There is currently only one USDA certified meat-processing facility in the Upper Peninsula and no poultry processing. The U.P. Multi-species Processing Feasibility Study Project Advisory Committee was formed in 2015 to address this lack of meat processing in our largely rural Peninsula. The committee first came about as a result of interagency dialogue. UPFE had identified many restaurants and institutions that expressed interest in purchasing more local meat and farmers who expressed interest in supplying this market if they had better access to processing.

In addition to UPFE, this issue was identified by several regional Farm Bureau chapters, MSU Extension and Marquette County’s Local Food Supply Plan as an issue that needed further investigation. The committee concluded that if an additional processing plant was needed, Marquette County had an interest in determining if the former K.I. Sawyer Air Force Base was a suitable location. Sawyer is geographically centered in the U.P., has access to multimodal transportation, infrastructure in place, and buildings waiting to be reinvented. It could also be an employment opportunity for Sawyer locals.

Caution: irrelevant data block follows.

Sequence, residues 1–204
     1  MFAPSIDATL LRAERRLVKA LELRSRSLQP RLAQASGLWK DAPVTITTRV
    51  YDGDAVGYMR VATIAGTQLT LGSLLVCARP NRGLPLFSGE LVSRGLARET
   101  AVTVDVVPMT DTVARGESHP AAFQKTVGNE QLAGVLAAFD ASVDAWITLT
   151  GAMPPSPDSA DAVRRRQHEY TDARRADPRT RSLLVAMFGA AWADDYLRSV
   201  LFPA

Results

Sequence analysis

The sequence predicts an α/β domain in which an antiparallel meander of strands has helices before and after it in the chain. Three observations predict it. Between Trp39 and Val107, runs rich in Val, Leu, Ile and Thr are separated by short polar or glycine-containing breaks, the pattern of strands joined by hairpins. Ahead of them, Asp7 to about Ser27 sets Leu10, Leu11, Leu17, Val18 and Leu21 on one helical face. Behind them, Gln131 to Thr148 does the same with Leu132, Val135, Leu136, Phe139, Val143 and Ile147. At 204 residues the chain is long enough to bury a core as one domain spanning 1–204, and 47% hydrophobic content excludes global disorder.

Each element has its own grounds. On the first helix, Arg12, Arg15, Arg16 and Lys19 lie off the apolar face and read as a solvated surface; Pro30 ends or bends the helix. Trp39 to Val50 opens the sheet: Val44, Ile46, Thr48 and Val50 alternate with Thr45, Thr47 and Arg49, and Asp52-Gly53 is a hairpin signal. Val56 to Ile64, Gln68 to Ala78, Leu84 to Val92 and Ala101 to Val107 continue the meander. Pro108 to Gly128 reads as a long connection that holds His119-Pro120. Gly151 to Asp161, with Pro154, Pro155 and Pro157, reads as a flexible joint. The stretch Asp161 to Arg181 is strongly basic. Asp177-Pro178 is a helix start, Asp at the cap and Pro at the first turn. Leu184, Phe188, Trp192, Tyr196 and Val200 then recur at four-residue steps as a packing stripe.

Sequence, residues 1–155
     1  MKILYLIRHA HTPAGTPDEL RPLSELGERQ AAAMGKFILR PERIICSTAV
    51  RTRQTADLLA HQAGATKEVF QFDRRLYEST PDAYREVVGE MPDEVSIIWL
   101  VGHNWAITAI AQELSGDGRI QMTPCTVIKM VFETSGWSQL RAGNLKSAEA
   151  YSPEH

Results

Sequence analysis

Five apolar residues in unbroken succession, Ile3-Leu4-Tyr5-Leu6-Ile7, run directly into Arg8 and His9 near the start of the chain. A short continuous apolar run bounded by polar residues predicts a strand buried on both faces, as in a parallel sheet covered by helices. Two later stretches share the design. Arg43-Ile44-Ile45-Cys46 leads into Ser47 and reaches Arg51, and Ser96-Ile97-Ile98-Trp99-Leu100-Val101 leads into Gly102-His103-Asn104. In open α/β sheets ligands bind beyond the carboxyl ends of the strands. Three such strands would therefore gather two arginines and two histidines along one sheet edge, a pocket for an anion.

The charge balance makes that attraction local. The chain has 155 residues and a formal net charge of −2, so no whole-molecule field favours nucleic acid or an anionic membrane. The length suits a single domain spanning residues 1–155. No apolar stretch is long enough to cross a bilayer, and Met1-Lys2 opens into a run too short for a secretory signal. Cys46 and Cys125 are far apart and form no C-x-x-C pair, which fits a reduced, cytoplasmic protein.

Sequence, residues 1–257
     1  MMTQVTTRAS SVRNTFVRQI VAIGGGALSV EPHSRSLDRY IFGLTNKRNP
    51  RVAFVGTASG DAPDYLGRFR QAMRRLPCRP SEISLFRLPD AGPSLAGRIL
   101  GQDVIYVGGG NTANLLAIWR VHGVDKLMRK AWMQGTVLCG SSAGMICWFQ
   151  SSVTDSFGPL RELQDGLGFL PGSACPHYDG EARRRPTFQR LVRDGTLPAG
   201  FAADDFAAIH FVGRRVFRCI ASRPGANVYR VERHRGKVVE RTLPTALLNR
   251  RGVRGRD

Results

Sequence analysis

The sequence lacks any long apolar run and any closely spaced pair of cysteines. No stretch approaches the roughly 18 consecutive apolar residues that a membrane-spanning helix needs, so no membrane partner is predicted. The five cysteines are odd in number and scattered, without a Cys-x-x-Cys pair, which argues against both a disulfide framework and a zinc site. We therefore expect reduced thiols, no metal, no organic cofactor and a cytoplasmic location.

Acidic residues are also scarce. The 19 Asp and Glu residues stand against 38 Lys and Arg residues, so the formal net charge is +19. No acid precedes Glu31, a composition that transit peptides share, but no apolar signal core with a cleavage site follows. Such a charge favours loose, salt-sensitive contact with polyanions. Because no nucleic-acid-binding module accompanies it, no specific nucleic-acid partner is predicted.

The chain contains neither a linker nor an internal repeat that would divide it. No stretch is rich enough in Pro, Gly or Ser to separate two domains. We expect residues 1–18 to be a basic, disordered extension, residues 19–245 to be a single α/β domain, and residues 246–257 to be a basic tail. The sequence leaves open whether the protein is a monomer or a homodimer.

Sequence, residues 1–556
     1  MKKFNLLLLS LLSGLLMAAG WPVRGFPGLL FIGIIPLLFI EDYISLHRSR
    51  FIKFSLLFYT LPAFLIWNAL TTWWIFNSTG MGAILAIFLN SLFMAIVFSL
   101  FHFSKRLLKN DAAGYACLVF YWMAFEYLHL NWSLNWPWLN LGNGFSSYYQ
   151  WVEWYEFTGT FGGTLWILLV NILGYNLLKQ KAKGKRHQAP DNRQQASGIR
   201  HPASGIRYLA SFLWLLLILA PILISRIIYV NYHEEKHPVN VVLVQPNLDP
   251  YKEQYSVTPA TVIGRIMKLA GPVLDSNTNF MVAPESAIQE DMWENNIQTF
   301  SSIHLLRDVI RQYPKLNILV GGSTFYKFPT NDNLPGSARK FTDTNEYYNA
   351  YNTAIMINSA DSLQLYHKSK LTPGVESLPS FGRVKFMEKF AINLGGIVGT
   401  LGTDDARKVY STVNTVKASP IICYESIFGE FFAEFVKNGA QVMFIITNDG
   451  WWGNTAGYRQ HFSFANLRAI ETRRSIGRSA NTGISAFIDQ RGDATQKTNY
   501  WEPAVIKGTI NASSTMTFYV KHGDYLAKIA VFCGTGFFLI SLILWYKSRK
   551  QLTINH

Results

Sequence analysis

Funding and building a USDA certified meat-processing facility is no small undertaking, and in order to make such a large investment, the committee prudently opted to get experienced food systems experts involved. Enter Karen Karp and Partners (KK&P), a New York-based food systems consulting agency. KK&P have decades of experience advising food and agriculture ventures and have worked with a diversity of big names in food, including Sysco, Slow Food USA, James Beard Foundation, and the American Dairy Association to name just a few.